Hidden beneath the lush green canopy of the Southeast Asian rainforest, researchers have revealed what many agree to be the most significant archaeological discovery in recent years. It seems that over 1,000 years ago, the region surrounding the massive religious complex of Angkor Wat in Cambodia once supported a vast network of cities that would even rival the country’s modern-day capital.
This latest revelation comes after initial surveying completed in 2012, which showed that the forest surrounding Angkor Wat, already the largest religious complex on Earth, was hiding evidence that the compound was even bigger than what can be seen today.
The researchers have now announced the findings of an expanded study, published in the Journal of Archaeology, that reveals that to their astonishment the system of roads and cities was even more extensive than anyone had expected. Dating from between 900 and 1,400 years old, some of the cities are so vast that they even compete on size with Cambodia’s modern-day capital city, Phnom Penh.
By flying over the forest in what is the most extensive airborne archaeological study ever undertaken, covering 1,901 square kilometers (734 square miles), the team of scientists fired lasers down to the ground that are then reflected back in a technique known as LiDAR (light detection and ranging). Originally developed by the military to identify the location of submarines beneath the waves, the technology can also see features on the ground beneath the forest canopy, and has proven to be an incredible tool in identifying details that are easily missed or hidden on the ground.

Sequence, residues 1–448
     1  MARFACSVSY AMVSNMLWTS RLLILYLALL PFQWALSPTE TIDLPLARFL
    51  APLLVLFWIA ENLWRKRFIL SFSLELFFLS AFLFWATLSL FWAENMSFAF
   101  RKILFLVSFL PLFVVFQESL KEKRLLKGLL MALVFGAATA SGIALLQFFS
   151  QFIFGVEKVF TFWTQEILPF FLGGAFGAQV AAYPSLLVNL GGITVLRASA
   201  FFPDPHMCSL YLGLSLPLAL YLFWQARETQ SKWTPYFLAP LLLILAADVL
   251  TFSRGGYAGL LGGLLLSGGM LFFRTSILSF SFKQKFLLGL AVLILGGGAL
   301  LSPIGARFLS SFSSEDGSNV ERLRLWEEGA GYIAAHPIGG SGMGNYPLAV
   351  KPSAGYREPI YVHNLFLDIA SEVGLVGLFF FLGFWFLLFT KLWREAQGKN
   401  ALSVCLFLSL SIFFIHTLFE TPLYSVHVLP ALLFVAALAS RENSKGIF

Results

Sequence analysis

They found that there was once an extensive system of water channels and roads connecting numerous cities throughout the area, built centuries before archaeologists thought that the technology had reached the region. The new discovery will completely turn everything we thought we knew about the Khmer empire, how it developed and flourished and subsequently collapsed, on its head.
With such a huge, thriving metropolis deep within the jungle, what could have caused it to fall and be swallowed up by the surrounding vegetation? Well,it seems that the defining signature of the Khmer empire, its immense hydraulic engineering program, may have been its downfall. The civilization is well known for building vast canals and reservoirs that enabled the people to manage the seasonal rains. In turn, this provided them with enough food and wealth to support such large communities.
But at the Khmer’s peak, it seems that a changing climate became more erratic, shifting dramatically between dry and wet periods. This, it seems, set in motion a series of declines from which the Khmer could not recover.